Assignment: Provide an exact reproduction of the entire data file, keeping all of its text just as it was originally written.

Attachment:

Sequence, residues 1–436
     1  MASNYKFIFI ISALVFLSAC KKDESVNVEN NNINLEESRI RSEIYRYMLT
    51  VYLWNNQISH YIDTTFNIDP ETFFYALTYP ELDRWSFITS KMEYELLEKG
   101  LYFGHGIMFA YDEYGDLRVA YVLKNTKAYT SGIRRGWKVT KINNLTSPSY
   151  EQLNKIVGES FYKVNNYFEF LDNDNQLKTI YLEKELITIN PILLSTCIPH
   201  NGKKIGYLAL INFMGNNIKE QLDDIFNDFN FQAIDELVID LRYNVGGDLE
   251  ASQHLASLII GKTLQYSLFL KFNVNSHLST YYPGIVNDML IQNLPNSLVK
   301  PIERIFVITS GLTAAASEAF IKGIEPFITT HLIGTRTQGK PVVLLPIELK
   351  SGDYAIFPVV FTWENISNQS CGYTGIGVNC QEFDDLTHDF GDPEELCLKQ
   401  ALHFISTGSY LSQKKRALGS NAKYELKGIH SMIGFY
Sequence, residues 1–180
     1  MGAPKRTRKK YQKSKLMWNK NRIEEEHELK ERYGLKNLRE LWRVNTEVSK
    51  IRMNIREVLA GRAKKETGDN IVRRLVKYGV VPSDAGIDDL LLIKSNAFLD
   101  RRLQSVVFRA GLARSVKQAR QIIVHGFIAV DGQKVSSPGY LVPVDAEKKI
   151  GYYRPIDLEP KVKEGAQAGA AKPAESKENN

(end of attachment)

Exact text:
Sequence, residues 1–436
     1  MASNYKFIFI ISALVFLSAC KKDESVNVEN NNINLEESRI RSEIYRYMLT
    51  VYLWNNQISH YIDTTFNIDP ETFFYALTYP ELDRWSFITS KMEYELLEKG
   101  LYFGHGIMFA YDEYGDLRVA YVLKNTKAYT SGIRRGWKVT KINNLTSPSY
   151  EQLNKIVGES FYKVNNYFEF LDNDNQLKTI YLEKELITIN PILLSTCIPH
   201  NGKKIGYLAL INFMGNNIKE QLDDIFNDFN FQAIDELVID LRYNVGGDLE
   251  ASQHLASLII GKTLQYSLFL KFNVNSHLST YYPGIVNDML IQNLPNSLVK
   301  PIERIFVITS GLTAAASEAF IKGIEPFITT HLIGTRTQGK PVVLLPIELK
   351  SGDYAIFPVV FTWENISNQS CGYTGIGVNC QEFDDLTHDF GDPEELCLKQ
   401  ALHFISTGSY LSQKKRALGS NAKYELKGIH SMIGFY
Sequence, residues 1–180
     1  MGAPKRTRKK YQKSKLMWNK NRIEEEHELK ERYGLKNLRE LWRVNTEVSK
    51  IRMNIREVLA GRAKKETGDN IVRRLVKYGV VPSDAGIDDL LLIKSNAFLD
   101  RRLQSVVFRA GLARSVKQAR QIIVHGFIAV DGQKVSSPGY LVPVDAEKKI
   151  GYYRPIDLEP KVKEGAQAGA AKPAESKENN